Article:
June 18, 2024

With the use of a specialized computer known as an automated teller machine (ATM), you can conduct financial transactions without a bank representative being present. Numerous ATMs are easily accessible day or night and can be used for a variety of purposes, including checking account balances, making deposits or withdrawals, and transferring funds between accounts.

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What is an Automated Teller Machine?

Cash is dispensed by ATMs, which also let you conduct other banking operations. A screen, a card reader, a keypad, a cash dispenser, and a printer are the standard components of an ATM.

There are ATMs everywhere in the United States and the rest of the world. While off-premise ATMs are frequently available at locations like airports, grocery stores, and gas stations, on-premise ATMs are found at financial institutions like banks and credit unions.

Inserting your bank-issued ATM card, entering your personal identification number (PIN), and following the on-screen instructions are the only steps involved in using an ATM to complete your desired transaction.

The first ATM was allegedly unveiled at a Barclays branch in London in 1967. ATMs were first made available to the general public in the 1960s. Customers of Chemical Bank in New York were the first in the country to receive cash from an ATM when it opened in 1969. More than 450,000 ATMs were in use in the nation by the end of 2022, according to data from research firm Euromonitor International.

ATM transaction examples

A few typical banking operations that are frequently completed at an ATM are as follows:

Taking out money

Withdrawing money from an ATM is the most popular ATM transaction. Usually, banks set daily maximums on the amount that can be withdrawn. This sum can differ between accounts provided by a single bank as well as between banks.

Making a deposit

Cash or checks can frequently be deposited by account holders using an ATM. You will be required to place the money into a slot on the machine in order to complete this kind of transaction. The bank occasionally might not give you access to the funds after a check deposit until the check has cleared.

Money transfers

You might be able to move money between your bank accounts using an ATM. For example, you can usually choose the “transfer” option at the ATM to move $200 from your savings account to your checking account. You can use your bank’s website or mobile app to transfer money between accounts, just like you can with balance inquiries.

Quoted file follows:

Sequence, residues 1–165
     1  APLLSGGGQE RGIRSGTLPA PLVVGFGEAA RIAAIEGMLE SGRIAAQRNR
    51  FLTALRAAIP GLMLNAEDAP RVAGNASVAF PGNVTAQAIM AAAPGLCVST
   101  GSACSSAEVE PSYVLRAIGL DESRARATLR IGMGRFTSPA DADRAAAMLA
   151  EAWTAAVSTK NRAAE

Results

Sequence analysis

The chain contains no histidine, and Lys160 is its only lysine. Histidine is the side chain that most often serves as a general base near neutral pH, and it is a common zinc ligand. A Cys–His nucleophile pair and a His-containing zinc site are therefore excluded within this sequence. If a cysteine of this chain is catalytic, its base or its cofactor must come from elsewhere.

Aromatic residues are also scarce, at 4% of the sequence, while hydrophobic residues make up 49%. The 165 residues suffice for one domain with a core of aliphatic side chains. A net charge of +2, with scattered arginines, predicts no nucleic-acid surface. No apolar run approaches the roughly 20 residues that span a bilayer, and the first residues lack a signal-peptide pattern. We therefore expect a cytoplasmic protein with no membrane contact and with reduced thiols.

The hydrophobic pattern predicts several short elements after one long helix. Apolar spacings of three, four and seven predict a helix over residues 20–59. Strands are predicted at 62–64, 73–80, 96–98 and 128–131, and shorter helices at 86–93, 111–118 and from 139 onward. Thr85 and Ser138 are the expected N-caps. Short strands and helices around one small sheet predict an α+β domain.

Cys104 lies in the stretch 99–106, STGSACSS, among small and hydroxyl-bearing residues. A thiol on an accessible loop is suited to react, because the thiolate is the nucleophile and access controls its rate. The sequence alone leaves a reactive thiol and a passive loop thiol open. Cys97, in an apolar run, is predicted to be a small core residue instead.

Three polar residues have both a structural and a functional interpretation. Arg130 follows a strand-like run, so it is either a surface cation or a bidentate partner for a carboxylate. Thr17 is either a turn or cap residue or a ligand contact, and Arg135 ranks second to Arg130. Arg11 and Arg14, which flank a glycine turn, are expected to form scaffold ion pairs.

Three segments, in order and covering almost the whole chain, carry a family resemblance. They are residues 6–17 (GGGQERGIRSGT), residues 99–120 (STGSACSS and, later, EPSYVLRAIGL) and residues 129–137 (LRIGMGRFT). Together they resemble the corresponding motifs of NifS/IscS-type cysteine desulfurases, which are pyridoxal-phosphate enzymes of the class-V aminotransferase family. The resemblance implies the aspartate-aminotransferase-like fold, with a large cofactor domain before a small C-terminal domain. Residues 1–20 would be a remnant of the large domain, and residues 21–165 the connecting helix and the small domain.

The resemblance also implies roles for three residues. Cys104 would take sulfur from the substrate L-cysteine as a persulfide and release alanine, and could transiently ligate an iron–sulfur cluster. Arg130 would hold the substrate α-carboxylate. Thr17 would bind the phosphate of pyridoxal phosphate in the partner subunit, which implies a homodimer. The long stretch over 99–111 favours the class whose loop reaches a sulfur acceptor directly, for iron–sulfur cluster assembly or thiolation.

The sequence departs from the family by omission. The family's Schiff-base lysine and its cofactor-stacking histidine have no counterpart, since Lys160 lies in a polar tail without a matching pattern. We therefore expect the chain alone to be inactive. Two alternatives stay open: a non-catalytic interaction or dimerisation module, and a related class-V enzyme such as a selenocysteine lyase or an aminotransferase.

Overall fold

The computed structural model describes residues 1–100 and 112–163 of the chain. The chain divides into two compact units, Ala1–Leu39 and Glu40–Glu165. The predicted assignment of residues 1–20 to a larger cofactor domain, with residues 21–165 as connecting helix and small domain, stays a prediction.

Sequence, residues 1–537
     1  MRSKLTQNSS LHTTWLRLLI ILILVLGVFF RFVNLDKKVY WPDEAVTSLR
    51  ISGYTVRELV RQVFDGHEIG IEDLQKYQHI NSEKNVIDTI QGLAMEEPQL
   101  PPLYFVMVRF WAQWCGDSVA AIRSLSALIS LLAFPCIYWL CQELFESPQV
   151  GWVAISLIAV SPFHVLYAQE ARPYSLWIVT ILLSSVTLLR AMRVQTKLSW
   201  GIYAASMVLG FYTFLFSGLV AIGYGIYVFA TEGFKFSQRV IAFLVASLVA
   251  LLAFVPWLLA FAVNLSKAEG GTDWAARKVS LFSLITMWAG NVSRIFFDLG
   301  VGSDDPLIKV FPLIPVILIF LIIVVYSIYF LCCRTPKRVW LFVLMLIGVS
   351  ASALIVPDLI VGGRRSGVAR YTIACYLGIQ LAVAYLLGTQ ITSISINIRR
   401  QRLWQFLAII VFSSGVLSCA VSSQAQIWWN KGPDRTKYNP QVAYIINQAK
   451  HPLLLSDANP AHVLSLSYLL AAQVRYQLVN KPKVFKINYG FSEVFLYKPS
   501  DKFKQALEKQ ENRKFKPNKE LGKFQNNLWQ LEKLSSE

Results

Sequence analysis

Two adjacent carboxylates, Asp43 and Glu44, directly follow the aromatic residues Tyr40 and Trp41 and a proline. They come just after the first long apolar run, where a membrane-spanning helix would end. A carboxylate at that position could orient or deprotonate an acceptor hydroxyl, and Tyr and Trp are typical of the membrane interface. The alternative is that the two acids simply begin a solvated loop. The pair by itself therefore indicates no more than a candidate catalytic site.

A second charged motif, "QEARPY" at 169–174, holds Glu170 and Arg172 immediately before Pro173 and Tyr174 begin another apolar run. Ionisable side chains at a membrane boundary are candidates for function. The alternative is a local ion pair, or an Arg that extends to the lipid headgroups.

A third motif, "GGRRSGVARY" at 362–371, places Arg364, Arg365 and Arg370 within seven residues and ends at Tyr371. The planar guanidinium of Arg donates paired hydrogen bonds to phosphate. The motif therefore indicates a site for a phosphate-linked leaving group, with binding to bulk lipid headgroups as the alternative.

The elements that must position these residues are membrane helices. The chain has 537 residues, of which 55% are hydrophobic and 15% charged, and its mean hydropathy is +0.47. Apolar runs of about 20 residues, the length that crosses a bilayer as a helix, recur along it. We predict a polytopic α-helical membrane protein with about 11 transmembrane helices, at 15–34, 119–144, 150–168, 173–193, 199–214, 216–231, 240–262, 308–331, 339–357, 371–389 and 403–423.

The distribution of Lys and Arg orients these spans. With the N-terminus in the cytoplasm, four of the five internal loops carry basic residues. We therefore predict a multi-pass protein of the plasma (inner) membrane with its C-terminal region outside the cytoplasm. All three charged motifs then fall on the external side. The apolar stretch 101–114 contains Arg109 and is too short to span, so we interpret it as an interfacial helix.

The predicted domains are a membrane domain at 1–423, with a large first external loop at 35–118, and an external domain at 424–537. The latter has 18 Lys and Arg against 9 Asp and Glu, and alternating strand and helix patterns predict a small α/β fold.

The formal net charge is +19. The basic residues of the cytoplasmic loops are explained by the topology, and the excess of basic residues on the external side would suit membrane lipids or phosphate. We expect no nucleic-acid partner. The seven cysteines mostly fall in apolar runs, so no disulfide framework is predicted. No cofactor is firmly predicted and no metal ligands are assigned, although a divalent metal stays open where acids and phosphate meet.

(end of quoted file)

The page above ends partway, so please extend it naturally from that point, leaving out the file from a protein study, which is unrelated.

Balance queries

To see the balance on your account right now, you can also go to an ATM. If you want to know how much you can spend when using your debit card or writing a check, this feature might be useful. Alternatively, you can access your account balance by visiting the website or mobile app of your bank. Being aware of your balance will help you avoid overdrawing or overspending.

While it’s typically not possible to view your entire account statement, some banks do let users utilize ATMs to view a brief summary of their most recent transactions.

Things to avoid when using ATMs

ATM costs

Fees may be assessed by both your bank and the bank that owns the ATM if you use one that is not part of your bank’s network or is not owned by your bank. According to the survey, checking account and ATM fee study, the combined average fee is currently at a record high of $4.73.

Only using ATMs within your bank’s network and asking for cash back when making purchases at grocery stores or other retailers are two strategies to avoid ATM fees.

Limits on ATM withdrawals

Banks place restrictions on the daily amount of money you can withdraw from an ATM. In the unlikely event that someone obtains your ATM card and knows your PIN, this can help prevent fraud. Furthermore, since each ATM has a finite amount of money in it, restricting the amount per withdrawal enables the bank to control the flow of cash.

Location and security

Using ATMs in well-lit public areas is one way to prevent becoming a victim of crime when using them. To keep people from seeing you type your PIN, shield yourself with your hand or body. When you receive your cash, wait to count it at the ATM; better yet, wait to count it in a more private place, like your car.

In summary

With the convenience of 24/7 access to cash, ATMs frequently eliminate the need for in-person meetings with bank representatives or teller services. They frequently allow you to deposit money, check your balance, and move money between accounts. As long as you know about things like withdrawal limits and how to avoid paying out-of-network fees, ATMs are quick and simple ways to get your cash more easily accessible.